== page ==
Yeast press articles – starting a list…

 

 

 

 

 

So the press is starting to publish the yeast stuff. Below is a list (which I’ll add to) of articles that appear (some of which have interesting quotes – or misquotes…):

YNET

YNET (English)

Maariv

Jerusalem Post

Times of Israel

Times of Israel (2nd article)

Haaretz

Channel 1/Kan (Israel Broadcasting Authority) (with a nice promotional clip in Hebrew)

Beaumont Enterprise (based on AP)

Haaretz (English)

New York Times

BBC

Le Matin

Bloomberg

Jewish Press

CBN

Mako

Israel Hayom

Walla

Tablet

Foxnews

France24

Israel National News

Yahoo

Archaeology

Israel21c

CTV News

Japantimes

Nocamels.com

Ruptly

epa

UPI

Vos is Neias

Taiwan News

Citynews

Telegraph (but they didn’t mention BIU…)

LIFO

MSN.Com

 

First pictures from the yeast press conference

As previously mentioned, today we had a press conference on the yeast study. As you can see in the pictures below, quite a large group of journalists, from Israel and from the world, came to the conference, which was held in a very nice bar (Beeratenu) in downtown Jerusalem.

The journalists were very interested, took many pictures, conducted many interviews and asked a lot of questions, and rushed the bar when samples of the beer and mead that we made from the ancient yeasts was given out!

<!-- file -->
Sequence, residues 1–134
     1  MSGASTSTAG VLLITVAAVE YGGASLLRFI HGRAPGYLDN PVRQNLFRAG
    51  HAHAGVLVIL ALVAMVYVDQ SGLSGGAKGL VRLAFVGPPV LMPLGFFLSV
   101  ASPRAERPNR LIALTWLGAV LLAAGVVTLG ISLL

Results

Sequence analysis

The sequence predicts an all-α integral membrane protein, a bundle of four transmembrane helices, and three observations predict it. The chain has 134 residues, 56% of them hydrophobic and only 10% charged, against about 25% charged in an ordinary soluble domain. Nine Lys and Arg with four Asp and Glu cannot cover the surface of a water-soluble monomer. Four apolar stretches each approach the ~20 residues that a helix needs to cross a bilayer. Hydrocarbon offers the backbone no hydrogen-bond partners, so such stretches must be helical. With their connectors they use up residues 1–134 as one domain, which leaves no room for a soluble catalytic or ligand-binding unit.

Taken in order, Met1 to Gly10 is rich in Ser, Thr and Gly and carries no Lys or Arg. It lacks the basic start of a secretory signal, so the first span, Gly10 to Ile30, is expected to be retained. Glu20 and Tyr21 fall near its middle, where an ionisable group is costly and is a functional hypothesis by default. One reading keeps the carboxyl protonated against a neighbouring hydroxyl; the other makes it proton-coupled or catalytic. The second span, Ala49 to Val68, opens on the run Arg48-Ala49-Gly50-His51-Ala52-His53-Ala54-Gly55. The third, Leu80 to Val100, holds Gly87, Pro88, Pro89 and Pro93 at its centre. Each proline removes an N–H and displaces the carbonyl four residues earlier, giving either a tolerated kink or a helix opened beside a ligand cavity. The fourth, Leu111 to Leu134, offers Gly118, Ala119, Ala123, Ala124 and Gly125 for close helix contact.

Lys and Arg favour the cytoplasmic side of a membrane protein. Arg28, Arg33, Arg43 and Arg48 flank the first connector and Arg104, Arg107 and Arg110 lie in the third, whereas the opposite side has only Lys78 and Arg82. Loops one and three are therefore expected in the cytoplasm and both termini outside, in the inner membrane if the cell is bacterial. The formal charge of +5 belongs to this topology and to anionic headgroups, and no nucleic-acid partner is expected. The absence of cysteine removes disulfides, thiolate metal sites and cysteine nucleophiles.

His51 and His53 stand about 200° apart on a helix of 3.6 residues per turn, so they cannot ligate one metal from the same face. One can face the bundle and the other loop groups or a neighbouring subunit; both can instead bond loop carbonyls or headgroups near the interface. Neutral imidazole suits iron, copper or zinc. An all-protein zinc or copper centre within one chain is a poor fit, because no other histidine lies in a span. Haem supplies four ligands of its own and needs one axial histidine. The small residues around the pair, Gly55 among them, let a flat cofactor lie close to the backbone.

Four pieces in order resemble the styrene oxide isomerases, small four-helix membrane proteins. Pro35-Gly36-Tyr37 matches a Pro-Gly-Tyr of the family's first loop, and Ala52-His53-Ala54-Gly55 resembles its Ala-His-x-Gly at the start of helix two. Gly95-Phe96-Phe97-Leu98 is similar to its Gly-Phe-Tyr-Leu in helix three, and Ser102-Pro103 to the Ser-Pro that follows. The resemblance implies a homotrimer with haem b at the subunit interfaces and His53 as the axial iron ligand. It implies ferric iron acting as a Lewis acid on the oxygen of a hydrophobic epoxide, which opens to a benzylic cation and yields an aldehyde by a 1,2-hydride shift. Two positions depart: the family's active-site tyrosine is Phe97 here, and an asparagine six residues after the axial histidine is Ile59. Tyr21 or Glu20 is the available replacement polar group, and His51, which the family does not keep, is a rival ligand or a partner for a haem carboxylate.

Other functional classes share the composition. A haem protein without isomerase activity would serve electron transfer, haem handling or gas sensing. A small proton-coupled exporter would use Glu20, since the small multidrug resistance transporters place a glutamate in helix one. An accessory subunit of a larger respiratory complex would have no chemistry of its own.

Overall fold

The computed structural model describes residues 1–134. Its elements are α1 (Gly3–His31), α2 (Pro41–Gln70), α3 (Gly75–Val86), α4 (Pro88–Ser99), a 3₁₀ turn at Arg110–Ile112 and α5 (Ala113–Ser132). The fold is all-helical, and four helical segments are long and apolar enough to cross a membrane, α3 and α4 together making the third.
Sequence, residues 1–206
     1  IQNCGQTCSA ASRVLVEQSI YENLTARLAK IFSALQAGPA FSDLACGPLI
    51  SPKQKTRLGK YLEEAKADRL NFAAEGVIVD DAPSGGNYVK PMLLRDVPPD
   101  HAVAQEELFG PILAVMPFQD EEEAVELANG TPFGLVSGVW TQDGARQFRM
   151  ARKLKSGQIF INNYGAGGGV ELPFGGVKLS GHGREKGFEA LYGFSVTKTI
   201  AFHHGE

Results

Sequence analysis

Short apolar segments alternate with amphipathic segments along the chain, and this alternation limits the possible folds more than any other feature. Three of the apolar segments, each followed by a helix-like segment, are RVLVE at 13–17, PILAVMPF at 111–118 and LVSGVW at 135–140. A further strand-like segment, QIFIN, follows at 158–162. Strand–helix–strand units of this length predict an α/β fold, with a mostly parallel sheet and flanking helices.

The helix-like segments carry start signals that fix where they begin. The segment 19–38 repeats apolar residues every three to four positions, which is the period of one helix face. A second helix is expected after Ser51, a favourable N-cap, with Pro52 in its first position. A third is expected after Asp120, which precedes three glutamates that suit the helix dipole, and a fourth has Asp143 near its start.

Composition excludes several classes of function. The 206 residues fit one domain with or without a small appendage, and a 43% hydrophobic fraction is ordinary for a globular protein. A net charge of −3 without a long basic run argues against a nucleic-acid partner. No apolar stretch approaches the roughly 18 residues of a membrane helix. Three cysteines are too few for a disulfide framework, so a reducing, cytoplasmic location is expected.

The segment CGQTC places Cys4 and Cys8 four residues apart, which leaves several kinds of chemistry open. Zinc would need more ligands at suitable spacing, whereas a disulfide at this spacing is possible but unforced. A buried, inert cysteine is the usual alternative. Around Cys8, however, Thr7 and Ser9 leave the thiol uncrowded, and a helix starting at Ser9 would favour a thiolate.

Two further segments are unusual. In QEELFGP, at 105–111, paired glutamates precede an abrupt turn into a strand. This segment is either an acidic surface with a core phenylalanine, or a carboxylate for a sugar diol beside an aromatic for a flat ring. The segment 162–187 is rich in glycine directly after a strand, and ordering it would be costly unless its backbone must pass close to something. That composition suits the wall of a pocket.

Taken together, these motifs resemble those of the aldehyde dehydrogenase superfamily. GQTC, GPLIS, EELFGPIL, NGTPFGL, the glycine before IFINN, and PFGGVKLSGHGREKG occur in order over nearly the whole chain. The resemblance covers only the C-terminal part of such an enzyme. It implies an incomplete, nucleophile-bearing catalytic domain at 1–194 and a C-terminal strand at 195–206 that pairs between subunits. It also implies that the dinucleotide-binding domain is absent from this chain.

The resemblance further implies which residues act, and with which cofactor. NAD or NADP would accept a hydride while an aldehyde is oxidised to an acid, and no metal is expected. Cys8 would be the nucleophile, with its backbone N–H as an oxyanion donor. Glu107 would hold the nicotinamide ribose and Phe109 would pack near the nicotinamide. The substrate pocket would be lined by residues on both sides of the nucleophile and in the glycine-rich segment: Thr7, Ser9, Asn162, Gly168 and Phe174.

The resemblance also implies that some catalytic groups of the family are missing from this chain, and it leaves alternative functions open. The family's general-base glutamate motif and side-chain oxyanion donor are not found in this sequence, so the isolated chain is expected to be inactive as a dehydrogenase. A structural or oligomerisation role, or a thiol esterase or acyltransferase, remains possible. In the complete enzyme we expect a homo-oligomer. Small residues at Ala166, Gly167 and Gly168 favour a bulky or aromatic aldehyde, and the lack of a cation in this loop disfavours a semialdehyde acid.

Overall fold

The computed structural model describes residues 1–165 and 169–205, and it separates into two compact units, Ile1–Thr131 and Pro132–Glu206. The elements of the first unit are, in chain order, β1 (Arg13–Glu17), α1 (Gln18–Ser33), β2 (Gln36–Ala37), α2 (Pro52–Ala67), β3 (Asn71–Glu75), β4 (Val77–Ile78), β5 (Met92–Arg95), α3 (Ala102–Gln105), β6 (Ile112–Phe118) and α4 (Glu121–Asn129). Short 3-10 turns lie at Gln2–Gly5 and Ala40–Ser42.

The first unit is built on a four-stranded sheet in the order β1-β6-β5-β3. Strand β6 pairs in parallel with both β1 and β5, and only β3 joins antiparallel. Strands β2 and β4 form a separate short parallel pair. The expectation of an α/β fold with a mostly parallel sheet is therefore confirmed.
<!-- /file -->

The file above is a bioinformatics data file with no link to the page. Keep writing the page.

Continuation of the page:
Stay tuned for the press about it. Should be cool!

Here are some pictures:

New paper on ancient fingerprints

A new “Safi paper” has just appeared, spearheaded by Kent Fowler, on identifying the age and sex of potters based on fingerprints.
The full title of the article is:
Fowler, K. D., Walker, E., Greenfield, H. J., Ross, J., and Maeir, A. M. 2019. The Identity of Potters in Early States: Determining the Age and Sex of Fingerprints on Early Bronze Age Pottery from Tell eṣ-Ṣâfi/Gath, Israel. Journal of Archaeological Method and Theory.
Here’s the abstract:
The organization of craft production has long been a marker for broader social, economic, and political changes that accompanied urbanism. The identity of producers who comprised production groups, communities, or workshops is out of reach using conventional archaeological data. There has been some success using epidermal prints on artifacts to identify the age and sex of producers. However, while age estimates are well developed, determining the sex of ancient potters is complicated by similarities between the prints of adult women and adolescents of either sex. Forensic research indicates that a combination of ridge breadth and density would best identify the age and sex of individuals. To this end, we propose an identification framework to classify fingerprints grounded in experimental and forensic research. In this study, we classify 38 fingerprints on Early Bronze Age (EB) III pottery from the early urban neighborhood at Tell eṣ-Ṣâfi/Gath, Israel. Mean ridge breadth (MRB) and mean ridge density (MRD) are used to distinguish the age and sex of prints after accounting for the shrinkage of calcareous fabrics used to make four type of vessels. We apply a modified version of the Kamp et al. (1999) regression equation to the MRB for each individual print. The MRD data are correlated to comparable data from populations with appropriate ancestry to infer sex. When the results are combined, our analyses indicate that two thirds of the